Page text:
So let’s turn to something cheerier: A Kitten Cannon!

Random Stuff A great letter from the coroner on CSI.

My response to Matt Continetti’s tea-party article. Continetti responds here, Ross Douthat here. I haven’t responded yet (crazy busy week).

I’ll be debating the merits of patriotism, happiness, and liberaltarianism with Cato’s Will Wilkinson for Bloggingheads later today. Video should be up by the weekend.

Speaking of liberaltarianism, I have a response to Brink Lindsey’s latest effort on that front in the current issue of Reason. It’s not online yet, but I’ve gotten some great feedback from the print edition already.

I saw Toy Story 3. I liked it a lot.

On Father’s Day, my lovely wife let me go to the movies by myself. It was awesome. I saw The A-Team. I thought it was really a lot of fun and even a tiny bit less stupid than I thought it would be.

Have a great Fourth of July. I hope everyone takes the time to read Calvin Coolidge on the subject. Just about the best thing ever written for or about Independence Day, save the Declaration itself.

Jonah vs. The Crypto-Shachtmanite Narcoleptic


So, the other day, I participated in the Ricochet podcast. For those of you who don’t know, Ricochet is a hotbed of mopery, crapulence, and sloth that, like the kid who shot Gene Wilder in the ass in Blazing Saddles, is trying to murder National Review, conservatism, and vast swaths of Western Civilization. The podcast was hosted by Rob Long, a writer for NR no less, who is also the world’s foremost crypto-Shachtmanite narcoleptic – he constantly drops hints and insinuations that we can reach an ideal socialist state without sacrificing democracy, and then falls asleep before explaining how.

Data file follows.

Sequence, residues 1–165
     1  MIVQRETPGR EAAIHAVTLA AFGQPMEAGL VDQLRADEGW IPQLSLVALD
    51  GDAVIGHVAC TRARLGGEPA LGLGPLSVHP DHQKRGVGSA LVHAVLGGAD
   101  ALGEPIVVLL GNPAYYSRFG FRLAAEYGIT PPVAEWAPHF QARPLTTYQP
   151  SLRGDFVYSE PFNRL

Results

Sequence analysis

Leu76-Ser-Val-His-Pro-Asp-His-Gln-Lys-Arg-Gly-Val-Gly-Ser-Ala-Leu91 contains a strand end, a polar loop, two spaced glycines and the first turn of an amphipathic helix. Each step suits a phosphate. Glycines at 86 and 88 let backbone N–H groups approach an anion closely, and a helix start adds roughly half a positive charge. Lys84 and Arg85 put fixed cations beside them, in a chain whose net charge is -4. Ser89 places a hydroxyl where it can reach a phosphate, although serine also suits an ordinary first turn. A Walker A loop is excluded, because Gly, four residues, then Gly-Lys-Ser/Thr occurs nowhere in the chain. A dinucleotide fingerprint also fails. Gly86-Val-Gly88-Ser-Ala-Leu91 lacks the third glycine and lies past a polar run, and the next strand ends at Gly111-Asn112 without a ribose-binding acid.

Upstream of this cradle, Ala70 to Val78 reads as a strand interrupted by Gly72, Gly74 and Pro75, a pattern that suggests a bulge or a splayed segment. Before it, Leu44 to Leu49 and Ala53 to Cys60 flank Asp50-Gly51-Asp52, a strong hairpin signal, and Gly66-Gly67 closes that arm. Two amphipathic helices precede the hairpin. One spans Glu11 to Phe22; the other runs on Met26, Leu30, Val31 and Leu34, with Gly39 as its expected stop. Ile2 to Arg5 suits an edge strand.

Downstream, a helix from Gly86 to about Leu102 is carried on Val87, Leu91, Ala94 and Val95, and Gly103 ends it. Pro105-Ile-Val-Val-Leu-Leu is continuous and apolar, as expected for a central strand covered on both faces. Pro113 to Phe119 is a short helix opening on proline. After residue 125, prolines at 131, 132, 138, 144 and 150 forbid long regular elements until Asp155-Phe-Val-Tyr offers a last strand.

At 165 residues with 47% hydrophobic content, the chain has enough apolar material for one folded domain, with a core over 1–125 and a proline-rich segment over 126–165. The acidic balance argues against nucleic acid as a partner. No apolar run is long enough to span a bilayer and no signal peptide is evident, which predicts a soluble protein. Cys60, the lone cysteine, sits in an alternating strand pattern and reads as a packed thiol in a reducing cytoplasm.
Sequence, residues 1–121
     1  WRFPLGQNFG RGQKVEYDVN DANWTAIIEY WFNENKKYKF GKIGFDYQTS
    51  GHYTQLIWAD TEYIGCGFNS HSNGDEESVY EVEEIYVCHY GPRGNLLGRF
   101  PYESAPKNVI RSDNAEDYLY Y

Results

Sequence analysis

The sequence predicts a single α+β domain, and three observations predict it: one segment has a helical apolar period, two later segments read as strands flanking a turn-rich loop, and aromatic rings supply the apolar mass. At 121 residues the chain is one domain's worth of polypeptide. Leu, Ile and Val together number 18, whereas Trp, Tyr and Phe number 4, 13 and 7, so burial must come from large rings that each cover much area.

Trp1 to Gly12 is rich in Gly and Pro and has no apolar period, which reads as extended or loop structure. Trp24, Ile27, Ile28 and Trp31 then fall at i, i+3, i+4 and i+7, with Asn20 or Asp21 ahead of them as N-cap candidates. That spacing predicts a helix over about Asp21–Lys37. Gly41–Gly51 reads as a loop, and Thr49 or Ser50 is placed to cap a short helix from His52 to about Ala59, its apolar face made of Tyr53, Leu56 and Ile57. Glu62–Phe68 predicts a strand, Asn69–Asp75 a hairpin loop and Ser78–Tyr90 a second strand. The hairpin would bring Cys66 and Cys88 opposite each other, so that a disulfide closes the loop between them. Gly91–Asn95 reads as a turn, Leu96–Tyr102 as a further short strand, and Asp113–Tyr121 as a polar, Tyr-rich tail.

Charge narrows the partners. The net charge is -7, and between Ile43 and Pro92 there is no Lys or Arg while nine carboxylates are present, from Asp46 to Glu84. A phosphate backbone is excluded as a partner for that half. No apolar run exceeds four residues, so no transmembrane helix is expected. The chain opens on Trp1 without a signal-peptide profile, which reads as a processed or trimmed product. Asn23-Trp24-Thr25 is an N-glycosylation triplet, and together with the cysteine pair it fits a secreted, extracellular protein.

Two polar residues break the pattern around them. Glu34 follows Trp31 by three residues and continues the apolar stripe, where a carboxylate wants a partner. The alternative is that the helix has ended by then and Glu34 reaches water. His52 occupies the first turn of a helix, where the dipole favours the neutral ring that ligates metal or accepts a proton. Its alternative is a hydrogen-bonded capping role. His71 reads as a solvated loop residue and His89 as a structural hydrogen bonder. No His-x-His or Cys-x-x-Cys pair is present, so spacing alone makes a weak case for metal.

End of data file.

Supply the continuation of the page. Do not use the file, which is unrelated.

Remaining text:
He was joined by Peter Robinson, another apostate contributor to National Review, who spends nearly all of his free time going to laser-tag emporiums by himself. And Andrew Klavan — yet another longtime friend of NR. Not much is known about Klavan, save that the street children of Macchu Pichu and Newark run in terror when they see Klavan turn the corner with his magnificent red velvet cape. Klavan was sitting in for Mark Steyn. Yes, that Mark Steyn. Who, you may not know, is actually one of three identical triplets, each of them assigned a different nefarious role in their plot to overthrow the world as we know it. One of them travels through Europe constantly, “coincidentally” hailing cabs that he ends up sharing with potentates, movie stars, and 1950s singers everyone has long assumed were dead. The other writes for nearly every newspaper and magazine in the world, the perfect cover for activating sleeper agents in remote corners of the globe. Need to “turn on” the Steynian assassin in Munich? Just sneak a seemingly innocuous reference to the chorus vocals in the 1979 off-Broadway version of 42nd Street into your SundayDeutsche Allgemeine Zeitung column. Need to notify your asset in the Congo that the CIA is coming for him? Why, just compare Mel Torme’s vocal stylings to the total fertility rate of Manchester, England. As for the last Steyn (soon to be the title of my novel), he spends his entire time expanding his Bond-villainesque headquarters in New Hampshire — and choking mallard ducks, for some reason.